Now for those of you who are statues and never show your excitement, then you can praise God without showing any excitement or joy. Yet, for everyone who likes to express themselves, but do not do it in praise, you need to get over being fearful of what others will think. You need to break out in praise. You need to give your whole self to praise. This is pleasing to the Lord.


In Ephesians 6:10-18, Paul tells us that we are in a spiritual battle, and the weapons we have are not natural, but spiritual. He then describes the armor and weapons that we have as believers to stand up against the enemy. The armor and weapons mentioned by Paul are the belt of truth, the breastplate of righteousness, the footwear of the Gospel of peace, the shield of faith, the helmet of salvation, the sword of the Spirit, and praying in the Spirit.

There are basically two kinds of praise – celebratory praise and praise in the Spirit of warfare.

Today we are going to focus on praise as a weapon of warfare. We are going to see what it means to do warfare with praise as well as its purpose and results.

We will be basing this teaching on 2 Chronicles chapter 20. In 2 Chronicles chapter 20, we see a large army of three nations coming to attack Juda and Jerusalem.  They were the Moabites, Ammonites, and Meunites (Edomites).

2 Chronicles 20:3-4 says, “Alarmed, Jehoshaphat resolved to inquire of the Lord, and he proclaimed a fast for all Judah. The people of Judah came together to seek help from the Lord; indeed, they came from every town in Judah to seek him.”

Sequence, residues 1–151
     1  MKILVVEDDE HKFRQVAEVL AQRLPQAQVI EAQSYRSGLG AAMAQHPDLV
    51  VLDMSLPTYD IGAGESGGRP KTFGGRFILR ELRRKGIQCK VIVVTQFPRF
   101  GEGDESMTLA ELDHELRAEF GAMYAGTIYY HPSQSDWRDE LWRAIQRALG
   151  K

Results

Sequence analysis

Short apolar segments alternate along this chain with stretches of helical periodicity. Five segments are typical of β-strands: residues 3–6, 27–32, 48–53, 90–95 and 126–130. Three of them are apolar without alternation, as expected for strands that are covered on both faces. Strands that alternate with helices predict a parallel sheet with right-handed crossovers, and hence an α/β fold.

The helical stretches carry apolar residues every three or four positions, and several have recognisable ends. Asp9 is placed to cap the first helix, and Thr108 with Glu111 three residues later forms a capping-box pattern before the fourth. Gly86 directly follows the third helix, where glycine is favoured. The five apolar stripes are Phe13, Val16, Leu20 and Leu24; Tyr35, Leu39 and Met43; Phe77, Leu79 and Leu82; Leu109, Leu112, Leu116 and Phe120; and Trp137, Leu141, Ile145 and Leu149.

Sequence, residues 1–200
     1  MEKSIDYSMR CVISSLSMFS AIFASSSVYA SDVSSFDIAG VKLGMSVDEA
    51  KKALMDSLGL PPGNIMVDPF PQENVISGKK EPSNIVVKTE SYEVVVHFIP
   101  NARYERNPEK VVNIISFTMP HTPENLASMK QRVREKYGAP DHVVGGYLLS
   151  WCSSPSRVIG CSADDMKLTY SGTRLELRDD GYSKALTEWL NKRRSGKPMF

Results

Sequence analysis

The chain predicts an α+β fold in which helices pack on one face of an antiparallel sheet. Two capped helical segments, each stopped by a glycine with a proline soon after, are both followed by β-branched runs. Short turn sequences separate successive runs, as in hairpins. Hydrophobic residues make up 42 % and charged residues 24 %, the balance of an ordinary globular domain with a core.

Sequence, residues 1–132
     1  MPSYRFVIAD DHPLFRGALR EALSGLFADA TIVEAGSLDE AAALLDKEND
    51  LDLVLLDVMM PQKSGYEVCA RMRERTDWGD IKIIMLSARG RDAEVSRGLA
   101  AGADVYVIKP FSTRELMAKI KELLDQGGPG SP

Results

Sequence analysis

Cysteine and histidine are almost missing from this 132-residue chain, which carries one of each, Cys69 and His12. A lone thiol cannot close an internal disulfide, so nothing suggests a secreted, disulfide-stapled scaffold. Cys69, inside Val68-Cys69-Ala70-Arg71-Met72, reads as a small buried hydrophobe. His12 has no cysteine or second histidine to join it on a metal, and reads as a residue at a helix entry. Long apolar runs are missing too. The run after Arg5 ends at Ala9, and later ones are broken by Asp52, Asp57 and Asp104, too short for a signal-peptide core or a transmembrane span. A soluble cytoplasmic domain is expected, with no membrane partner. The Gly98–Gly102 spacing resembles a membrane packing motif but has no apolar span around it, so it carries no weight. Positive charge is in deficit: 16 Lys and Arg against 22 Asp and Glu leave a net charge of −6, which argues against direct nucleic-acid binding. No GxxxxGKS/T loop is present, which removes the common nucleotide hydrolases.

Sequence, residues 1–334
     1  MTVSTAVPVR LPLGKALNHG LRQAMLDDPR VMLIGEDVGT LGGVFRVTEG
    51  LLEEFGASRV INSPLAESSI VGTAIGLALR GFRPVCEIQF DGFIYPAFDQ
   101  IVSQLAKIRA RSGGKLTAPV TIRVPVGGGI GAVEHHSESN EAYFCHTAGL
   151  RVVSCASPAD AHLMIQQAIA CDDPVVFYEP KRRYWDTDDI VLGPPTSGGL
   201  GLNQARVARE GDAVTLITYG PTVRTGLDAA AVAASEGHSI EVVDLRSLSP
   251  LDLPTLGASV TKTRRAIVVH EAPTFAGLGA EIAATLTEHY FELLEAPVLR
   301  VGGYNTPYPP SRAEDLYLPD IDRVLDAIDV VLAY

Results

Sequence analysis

The first thing we need to do when we are facing a problem or difficulty, is to seek the Lord’s help and guidance.

2 Chronicles 20:12 says, “Our God, will you not judge them? For we have no power to face this vast army that is attacking us. We do not know what to do, but our eyes are on you.”

The second step to victory is recognizing our inability, and God’s ability to help us.

1 Peter 5:6 says, “Humble yourselves, therefore, under God’s mighty hand, that he may lift you up in due time.”

While the people of Judah were praying and fasting, God sent a message by His Spirit through Jahaziel that the battle is not theirs, but God’s.

2 Chronicles 20:14-15 – “Then the Spirit of the Lord came on Jahaziel son of Zechariah, the son of Benaiah, the son of Jeiel, the son of Mattaniah, a Levite and descendant of Asaph, as he stood in the assembly. He said: “Listen, King Jehoshaphat and all who live in Judah and Jerusalem! This is what the Lord says to you: ‘Do not be afraid or discouraged because of this vast army. For the battle is not yours, but God’s. Tomorrow march down against them…….”